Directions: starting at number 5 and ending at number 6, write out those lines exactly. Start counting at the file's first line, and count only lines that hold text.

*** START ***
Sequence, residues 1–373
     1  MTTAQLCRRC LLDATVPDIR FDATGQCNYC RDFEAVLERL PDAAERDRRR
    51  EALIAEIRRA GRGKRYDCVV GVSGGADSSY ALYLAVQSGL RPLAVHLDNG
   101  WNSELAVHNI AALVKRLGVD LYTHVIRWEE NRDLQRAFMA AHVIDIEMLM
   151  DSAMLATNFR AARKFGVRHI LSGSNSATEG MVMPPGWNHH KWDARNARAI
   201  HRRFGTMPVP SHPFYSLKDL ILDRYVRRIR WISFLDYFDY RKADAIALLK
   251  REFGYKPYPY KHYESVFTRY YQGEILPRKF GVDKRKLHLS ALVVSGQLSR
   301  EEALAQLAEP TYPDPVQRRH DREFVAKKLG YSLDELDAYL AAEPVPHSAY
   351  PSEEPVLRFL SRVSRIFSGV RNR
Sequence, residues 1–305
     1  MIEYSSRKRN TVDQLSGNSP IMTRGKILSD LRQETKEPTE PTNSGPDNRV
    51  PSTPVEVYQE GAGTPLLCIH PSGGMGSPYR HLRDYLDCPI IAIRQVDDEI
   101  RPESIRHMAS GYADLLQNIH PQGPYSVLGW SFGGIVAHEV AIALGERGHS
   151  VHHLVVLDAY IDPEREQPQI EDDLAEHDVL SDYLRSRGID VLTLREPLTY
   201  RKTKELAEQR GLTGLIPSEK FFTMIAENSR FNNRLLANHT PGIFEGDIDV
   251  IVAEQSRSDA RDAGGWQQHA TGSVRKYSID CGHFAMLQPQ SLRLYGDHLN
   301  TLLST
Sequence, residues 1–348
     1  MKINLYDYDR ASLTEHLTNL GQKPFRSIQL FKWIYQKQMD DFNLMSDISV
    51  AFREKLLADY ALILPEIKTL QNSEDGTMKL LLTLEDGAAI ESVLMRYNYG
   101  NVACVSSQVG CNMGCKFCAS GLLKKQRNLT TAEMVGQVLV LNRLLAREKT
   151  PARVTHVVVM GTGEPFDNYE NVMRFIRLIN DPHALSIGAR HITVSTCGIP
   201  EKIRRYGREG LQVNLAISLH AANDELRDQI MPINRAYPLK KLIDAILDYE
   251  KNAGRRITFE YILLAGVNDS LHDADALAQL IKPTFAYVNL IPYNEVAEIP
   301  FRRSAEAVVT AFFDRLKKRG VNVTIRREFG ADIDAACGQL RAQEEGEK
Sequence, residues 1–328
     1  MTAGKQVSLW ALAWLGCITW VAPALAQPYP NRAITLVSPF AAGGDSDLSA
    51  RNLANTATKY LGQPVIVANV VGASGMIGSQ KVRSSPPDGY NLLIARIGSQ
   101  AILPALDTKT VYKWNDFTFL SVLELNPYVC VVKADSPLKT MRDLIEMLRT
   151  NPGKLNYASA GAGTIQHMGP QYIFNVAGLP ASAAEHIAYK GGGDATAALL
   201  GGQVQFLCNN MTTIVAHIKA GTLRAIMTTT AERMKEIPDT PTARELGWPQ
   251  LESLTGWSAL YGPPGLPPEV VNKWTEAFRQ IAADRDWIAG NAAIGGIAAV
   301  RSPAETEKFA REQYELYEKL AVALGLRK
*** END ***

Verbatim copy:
   151  DSAMLATNFR AARKFGVRHI LSGSNSATEG MVMPPGWNHH KWDARNARAI
   201  HRRFGTMPVP SHPFYSLKDL ILDRYVRRIR WISFLDYFDY RKADAIALLK